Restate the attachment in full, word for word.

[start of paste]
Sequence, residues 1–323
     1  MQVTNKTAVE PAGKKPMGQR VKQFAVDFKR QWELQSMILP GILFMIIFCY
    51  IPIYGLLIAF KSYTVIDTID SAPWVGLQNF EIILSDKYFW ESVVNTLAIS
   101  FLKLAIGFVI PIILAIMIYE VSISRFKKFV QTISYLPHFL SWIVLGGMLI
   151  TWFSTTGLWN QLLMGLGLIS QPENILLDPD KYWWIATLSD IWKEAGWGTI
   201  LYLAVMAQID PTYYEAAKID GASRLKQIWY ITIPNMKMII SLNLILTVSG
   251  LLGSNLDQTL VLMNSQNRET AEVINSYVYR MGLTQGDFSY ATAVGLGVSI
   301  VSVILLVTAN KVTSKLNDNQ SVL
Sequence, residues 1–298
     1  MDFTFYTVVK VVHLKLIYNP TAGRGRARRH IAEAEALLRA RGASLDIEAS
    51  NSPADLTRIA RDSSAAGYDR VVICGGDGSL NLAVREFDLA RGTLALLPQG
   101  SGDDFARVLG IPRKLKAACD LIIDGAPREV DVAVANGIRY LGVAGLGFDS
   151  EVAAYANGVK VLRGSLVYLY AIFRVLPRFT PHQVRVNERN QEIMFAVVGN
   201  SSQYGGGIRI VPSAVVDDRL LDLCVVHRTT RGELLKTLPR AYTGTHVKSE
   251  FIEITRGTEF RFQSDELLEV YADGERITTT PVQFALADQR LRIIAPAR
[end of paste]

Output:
Sequence, residues 1–323
     1  MQVTNKTAVE PAGKKPMGQR VKQFAVDFKR QWELQSMILP GILFMIIFCY
    51  IPIYGLLIAF KSYTVIDTID SAPWVGLQNF EIILSDKYFW ESVVNTLAIS
   101  FLKLAIGFVI PIILAIMIYE VSISRFKKFV QTISYLPHFL SWIVLGGMLI
   151  TWFSTTGLWN QLLMGLGLIS QPENILLDPD KYWWIATLSD IWKEAGWGTI
   201  LYLAVMAQID PTYYEAAKID GASRLKQIWY ITIPNMKMII SLNLILTVSG
   251  LLGSNLDQTL VLMNSQNRET AEVINSYVYR MGLTQGDFSY ATAVGLGVSI
   301  VSVILLVTAN KVTSKLNDNQ SVL
Sequence, residues 1–298
     1  MDFTFYTVVK VVHLKLIYNP TAGRGRARRH IAEAEALLRA RGASLDIEAS
    51  NSPADLTRIA RDSSAAGYDR VVICGGDGSL NLAVREFDLA RGTLALLPQG
   101  SGDDFARVLG IPRKLKAACD LIIDGAPREV DVAVANGIRY LGVAGLGFDS
   151  EVAAYANGVK VLRGSLVYLY AIFRVLPRFT PHQVRVNERN QEIMFAVVGN
   201  SSQYGGGIRI VPSAVVDDRL LDLCVVHRTT RGELLKTLPR AYTGTHVKSE
   251  FIEITRGTEF RFQSDELLEV YADGERITTT PVQFALADQR LRIIAPAR